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The Novel Coronavirus: Why are such outbreaks difficult to prevent and where do we go from here?

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On February 6, the Berkeley Public Health community gathered to hear a discussion between Dr. Art Reingold, infectious disease expert and professor at the UC Berkeley School of Public Health; Erin Allday, veteran health reporter at the San Francisco Chronicle; and Dr. Anna Harte, medical director at the Tang Center, University Health Services. Their discussion focused on the latest news concerning the coronavirus outbreak, why such outbreaks are difficult to predict and prepare for, and how the public health community can best respond.

“The situation is evolving rapidly,” said Reingold. “It’s pointing out enormous gaps in the global capacity to prepare for, predict, and respond to such infections. The world has a lot of work to do.”

The first known human infection occurred in early December 2019. Latest estimates say that the coronavirus outbreak has sickened more than 43,000 people in China and 24 other countries across Asia, Oceania, Europe, and North America. In China, health officials report that 1,018 people have died. In the United States, the 13th case was confirmed yesterday, February 10, according to the Centers for Disease Control and Prevention. The individual was an evacuee from Wuhan, China, under federal quarantine in San Diego.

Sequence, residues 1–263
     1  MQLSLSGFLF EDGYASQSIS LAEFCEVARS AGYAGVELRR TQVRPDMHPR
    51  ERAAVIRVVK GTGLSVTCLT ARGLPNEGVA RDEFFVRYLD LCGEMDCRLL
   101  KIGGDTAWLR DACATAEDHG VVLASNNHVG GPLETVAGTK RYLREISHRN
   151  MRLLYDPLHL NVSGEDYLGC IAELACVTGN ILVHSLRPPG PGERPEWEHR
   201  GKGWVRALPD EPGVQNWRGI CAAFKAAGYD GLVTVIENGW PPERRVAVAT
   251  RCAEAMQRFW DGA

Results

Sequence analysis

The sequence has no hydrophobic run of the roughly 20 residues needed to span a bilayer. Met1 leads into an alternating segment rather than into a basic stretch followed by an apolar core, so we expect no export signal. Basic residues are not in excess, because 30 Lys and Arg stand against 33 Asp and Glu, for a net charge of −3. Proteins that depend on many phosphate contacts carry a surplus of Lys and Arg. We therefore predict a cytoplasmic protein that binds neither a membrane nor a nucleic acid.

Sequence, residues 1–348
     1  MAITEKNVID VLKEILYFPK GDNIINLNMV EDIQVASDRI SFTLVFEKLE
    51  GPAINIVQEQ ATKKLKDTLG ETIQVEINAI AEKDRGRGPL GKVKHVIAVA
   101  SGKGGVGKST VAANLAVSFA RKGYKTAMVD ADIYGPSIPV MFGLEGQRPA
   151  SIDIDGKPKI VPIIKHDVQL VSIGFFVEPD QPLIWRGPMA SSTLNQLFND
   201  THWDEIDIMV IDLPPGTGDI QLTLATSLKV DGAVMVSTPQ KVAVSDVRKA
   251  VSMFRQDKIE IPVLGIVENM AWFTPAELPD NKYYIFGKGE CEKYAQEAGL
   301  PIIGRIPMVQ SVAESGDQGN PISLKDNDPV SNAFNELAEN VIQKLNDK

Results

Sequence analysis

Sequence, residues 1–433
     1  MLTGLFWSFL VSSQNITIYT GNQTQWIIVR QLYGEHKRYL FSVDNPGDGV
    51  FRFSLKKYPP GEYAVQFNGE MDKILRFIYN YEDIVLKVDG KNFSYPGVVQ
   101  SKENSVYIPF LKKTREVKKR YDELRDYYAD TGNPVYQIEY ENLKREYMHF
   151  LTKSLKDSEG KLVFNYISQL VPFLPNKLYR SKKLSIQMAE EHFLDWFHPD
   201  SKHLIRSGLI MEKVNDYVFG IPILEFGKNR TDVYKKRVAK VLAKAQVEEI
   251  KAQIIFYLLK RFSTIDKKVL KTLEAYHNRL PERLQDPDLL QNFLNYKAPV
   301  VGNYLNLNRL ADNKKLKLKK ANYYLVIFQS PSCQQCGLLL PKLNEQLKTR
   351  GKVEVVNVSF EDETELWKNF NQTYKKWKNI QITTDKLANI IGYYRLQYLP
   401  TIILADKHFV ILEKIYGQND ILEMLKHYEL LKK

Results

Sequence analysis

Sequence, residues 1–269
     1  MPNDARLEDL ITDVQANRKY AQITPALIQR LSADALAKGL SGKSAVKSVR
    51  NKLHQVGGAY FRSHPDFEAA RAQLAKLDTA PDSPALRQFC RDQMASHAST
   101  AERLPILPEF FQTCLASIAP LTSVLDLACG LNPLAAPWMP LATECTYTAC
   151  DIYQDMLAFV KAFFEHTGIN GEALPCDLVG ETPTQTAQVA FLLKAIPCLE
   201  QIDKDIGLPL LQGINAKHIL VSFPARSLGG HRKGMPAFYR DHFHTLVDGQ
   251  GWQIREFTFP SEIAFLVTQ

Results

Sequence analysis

“It’s local public health that really has to respond to problems like this,” said Reingold. “I take enormous pride in knowing that people who graduate from our school and other schools of public health are at the frontlines.”

People of BPH found in this article include: